A piece from Yuni Kim LANG's series "Comfort Hair." (CBJ Photo by Jasmine McBride)

Being Seen is the next section, and it places the expression of individuality up against accepted norms. Here, Yuni Kim LANG incorporates a large wig, but not as a symbol of beauty. Inspired by Korean women during the Joseon dynasty, LANG sees large wigs as a symbol of burden. LANG’s series, “Comfort Hair,” incorporates fiber and portraiture to acknowledge the long history of oppression faced by Korean women. 

The final section – Portraying Anxiety – features portraits from Heinkuhn OH’s series “Left Face,” which explores the act of looking. This section simply asks you to interpret what it is you feel by looking at these images, which I personally enjoyed.

Overall, not only did I learn about Korea, but how Korean stories connect to universal themes. MIA Associate Curator of Global Contemporary Art Leslie Ureña says these are stories that many of us might share. 

“We may not be South Korean, but we could share something about living in a place that has had repression… living in a place where gender dynamics are not what we may want to encounter,” said Ureña. “And so for a person who is not really familiar with Korean culture in general, I think that becoming familiar with the history of Korea is something that really comes through in the artworks here.”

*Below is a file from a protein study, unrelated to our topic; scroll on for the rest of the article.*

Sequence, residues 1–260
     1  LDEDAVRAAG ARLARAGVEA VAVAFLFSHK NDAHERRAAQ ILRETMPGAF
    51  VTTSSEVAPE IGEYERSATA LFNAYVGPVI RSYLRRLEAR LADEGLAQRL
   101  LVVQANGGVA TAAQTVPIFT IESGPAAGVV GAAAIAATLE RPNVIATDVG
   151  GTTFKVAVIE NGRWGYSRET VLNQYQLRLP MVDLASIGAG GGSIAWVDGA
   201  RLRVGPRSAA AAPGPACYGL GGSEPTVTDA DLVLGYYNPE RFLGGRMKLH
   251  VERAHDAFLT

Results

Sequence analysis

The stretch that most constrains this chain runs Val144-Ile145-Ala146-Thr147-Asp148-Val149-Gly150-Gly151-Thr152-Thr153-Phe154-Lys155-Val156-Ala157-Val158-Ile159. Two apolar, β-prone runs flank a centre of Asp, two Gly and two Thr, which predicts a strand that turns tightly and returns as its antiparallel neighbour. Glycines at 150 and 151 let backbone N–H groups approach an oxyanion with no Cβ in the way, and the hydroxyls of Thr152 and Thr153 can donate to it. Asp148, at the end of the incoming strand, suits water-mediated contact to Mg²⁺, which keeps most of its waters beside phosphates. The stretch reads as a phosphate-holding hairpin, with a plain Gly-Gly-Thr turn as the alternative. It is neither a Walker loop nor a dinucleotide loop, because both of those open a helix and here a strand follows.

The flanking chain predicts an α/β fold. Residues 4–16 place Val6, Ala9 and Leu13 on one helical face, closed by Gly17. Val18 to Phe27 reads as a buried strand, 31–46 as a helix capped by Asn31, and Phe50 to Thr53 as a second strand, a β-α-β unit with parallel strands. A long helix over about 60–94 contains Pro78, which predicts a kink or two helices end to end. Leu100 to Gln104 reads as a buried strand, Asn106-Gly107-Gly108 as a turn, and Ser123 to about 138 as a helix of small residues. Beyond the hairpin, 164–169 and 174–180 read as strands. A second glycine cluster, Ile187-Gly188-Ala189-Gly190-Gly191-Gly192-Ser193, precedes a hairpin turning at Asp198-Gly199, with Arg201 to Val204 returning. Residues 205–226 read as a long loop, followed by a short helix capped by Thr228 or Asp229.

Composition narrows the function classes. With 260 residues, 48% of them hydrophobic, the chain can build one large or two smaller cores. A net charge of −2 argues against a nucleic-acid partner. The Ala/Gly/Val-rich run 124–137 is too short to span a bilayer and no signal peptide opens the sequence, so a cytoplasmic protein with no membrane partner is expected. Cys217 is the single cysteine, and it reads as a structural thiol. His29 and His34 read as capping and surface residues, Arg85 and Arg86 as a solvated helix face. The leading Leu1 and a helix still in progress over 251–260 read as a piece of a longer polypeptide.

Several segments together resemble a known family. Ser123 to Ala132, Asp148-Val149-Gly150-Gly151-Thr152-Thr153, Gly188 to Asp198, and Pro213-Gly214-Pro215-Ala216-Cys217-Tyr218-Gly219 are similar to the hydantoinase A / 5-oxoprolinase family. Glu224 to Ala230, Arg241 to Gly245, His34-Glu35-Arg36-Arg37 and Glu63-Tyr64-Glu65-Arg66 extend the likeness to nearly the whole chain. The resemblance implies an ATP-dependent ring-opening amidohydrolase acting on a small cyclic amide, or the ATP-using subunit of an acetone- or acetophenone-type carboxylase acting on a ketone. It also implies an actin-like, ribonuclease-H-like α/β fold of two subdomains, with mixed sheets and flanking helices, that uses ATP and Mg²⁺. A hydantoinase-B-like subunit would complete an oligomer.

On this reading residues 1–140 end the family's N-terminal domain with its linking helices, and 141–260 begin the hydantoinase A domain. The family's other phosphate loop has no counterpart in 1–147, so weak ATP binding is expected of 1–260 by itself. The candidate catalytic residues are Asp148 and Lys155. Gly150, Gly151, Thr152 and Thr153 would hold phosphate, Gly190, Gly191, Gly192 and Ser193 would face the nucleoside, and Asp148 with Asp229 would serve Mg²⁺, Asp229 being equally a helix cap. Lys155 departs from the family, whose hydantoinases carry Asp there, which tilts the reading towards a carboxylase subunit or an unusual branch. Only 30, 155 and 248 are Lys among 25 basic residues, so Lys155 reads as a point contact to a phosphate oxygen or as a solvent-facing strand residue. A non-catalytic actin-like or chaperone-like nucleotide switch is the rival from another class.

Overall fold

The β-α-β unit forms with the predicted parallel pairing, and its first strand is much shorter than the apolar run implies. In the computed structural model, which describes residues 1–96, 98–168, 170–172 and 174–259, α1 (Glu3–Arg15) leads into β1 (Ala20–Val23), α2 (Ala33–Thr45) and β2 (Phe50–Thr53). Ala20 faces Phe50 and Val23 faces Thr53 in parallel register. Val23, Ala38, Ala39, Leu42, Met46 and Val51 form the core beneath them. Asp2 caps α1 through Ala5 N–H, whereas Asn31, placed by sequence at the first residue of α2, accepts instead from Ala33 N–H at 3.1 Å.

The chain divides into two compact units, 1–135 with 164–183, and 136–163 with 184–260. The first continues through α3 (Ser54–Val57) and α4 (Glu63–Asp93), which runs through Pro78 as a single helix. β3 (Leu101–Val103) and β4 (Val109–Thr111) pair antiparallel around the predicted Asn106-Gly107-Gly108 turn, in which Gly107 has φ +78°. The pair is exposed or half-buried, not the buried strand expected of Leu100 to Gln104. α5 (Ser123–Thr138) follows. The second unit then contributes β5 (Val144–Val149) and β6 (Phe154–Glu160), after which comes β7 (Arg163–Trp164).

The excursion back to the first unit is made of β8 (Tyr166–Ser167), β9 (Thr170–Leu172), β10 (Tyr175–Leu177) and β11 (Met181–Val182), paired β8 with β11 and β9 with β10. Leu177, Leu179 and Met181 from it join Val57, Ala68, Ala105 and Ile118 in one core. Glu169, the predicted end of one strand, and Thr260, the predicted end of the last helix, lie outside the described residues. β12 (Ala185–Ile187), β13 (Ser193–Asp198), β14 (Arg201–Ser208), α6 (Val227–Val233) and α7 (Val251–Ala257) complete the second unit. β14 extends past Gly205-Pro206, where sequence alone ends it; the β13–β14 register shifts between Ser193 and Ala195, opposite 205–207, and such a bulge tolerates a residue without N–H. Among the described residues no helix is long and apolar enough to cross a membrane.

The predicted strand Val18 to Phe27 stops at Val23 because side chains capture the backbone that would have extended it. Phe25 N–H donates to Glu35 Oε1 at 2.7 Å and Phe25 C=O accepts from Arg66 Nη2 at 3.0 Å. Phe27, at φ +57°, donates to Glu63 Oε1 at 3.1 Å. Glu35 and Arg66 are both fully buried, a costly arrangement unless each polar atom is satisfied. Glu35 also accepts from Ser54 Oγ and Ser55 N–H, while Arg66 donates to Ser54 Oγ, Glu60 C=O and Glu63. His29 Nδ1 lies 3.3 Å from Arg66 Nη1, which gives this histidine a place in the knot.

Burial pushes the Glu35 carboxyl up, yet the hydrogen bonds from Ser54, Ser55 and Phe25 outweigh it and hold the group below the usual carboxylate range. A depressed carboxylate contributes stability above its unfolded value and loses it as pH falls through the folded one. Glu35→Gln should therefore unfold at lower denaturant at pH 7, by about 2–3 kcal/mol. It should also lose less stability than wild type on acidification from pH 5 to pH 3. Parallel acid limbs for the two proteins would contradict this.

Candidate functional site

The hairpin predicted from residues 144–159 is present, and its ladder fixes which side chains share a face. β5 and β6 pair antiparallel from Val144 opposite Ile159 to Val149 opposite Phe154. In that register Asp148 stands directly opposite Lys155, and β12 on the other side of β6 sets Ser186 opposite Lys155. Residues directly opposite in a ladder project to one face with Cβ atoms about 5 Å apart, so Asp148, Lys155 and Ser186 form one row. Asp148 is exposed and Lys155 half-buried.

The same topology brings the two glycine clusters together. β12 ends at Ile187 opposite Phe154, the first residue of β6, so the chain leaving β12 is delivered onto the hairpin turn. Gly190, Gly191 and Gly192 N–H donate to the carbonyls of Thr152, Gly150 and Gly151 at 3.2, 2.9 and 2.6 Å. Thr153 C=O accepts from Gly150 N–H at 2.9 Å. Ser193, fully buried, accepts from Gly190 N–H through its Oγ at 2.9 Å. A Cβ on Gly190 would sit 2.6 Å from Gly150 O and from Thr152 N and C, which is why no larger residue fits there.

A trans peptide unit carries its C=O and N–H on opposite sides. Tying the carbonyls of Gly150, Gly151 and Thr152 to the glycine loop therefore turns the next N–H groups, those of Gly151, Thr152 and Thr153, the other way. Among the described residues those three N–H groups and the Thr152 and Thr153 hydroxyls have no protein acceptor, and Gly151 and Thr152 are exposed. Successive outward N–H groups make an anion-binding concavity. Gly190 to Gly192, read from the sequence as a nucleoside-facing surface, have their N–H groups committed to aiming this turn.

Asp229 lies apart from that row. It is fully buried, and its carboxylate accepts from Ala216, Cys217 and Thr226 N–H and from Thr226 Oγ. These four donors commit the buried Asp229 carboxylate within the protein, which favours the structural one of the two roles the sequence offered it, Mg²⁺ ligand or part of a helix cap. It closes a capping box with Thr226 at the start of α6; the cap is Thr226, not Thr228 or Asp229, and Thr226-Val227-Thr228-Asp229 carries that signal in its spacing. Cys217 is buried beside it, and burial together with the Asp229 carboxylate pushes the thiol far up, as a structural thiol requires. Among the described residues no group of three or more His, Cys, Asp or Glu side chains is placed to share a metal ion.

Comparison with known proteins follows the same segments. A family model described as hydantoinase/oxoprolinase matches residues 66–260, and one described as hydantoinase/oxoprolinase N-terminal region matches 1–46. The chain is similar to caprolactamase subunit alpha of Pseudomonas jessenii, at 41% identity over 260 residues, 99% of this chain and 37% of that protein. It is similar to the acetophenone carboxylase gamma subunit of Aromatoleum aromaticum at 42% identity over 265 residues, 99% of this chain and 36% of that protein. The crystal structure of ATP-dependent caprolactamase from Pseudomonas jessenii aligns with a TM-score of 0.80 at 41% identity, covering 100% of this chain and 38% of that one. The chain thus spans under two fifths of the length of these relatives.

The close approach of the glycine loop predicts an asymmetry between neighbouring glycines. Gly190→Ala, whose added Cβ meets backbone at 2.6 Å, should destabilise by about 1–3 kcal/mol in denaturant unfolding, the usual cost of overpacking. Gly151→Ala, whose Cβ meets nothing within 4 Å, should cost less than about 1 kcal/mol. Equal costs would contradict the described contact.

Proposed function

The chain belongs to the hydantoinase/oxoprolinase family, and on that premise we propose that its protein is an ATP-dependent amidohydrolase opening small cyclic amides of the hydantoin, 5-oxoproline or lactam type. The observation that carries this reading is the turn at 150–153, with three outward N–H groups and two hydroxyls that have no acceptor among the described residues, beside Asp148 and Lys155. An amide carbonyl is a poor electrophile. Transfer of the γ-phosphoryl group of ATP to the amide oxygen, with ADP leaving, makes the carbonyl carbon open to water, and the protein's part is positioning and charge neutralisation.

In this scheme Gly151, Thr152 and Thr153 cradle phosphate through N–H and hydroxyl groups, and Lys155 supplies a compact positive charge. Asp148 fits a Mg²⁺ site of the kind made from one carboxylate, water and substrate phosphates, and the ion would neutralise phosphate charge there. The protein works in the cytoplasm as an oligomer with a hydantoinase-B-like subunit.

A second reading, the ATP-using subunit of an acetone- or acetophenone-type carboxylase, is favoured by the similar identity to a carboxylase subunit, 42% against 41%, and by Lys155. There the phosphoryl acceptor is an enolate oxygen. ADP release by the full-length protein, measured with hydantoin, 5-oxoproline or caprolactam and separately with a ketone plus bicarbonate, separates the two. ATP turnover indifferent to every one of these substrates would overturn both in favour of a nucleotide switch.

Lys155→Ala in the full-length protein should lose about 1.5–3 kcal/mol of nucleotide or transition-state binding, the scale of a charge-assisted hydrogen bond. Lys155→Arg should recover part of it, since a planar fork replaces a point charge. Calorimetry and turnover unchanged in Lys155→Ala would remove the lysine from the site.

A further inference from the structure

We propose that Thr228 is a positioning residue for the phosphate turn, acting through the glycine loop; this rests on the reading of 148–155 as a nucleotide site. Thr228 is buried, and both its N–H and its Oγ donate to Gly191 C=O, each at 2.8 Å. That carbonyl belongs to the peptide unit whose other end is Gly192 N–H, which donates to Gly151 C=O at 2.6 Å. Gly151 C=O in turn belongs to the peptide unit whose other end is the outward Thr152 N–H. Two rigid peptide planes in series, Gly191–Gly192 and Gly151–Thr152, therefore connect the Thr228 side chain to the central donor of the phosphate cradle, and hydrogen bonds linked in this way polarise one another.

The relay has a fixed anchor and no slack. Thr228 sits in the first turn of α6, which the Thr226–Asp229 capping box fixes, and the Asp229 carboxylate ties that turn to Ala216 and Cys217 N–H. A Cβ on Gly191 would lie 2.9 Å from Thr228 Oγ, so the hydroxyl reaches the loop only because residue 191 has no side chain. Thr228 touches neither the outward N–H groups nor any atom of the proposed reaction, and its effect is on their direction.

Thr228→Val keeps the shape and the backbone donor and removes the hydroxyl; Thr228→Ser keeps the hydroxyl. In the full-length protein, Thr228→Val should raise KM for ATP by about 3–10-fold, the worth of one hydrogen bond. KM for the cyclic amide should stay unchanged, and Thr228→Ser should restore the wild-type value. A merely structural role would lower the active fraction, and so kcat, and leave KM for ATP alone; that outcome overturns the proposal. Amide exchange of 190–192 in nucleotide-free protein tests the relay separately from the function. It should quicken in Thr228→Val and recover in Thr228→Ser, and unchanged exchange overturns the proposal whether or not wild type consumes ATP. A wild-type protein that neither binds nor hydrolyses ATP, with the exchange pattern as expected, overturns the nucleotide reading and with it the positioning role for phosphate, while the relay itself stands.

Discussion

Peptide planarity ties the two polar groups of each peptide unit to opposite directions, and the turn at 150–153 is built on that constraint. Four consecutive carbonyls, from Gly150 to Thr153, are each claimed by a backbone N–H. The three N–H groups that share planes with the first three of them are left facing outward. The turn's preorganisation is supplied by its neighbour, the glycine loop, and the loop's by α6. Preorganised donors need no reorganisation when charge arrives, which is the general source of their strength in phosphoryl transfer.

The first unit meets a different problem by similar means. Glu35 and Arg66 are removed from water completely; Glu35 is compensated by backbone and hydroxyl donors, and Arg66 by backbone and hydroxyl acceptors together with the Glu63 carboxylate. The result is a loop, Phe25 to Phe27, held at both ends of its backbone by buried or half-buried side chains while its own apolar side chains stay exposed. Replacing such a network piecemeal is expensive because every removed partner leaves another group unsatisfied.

Agro says this exhibit takes you on a compelling journey. 

“The artists bend place and time – addressing the past, present and future, sometimes all in the same work – to make sense of their complex cultural experiences coexisting in a loop of either tension, suspension, or amnesia. That subjects of memory, remembering or forgetting, radiate from many of the objects on view, and demonstrate a distinct feeling of temporal dissonance. The main thesis for our exhibition is where time moves nonlinearly between past, present and future.”

“The Shape of Time: Korean Art after 1989” is located in the Minneapolis Institute of Art’s Target Gallery. General admission is $20 per person.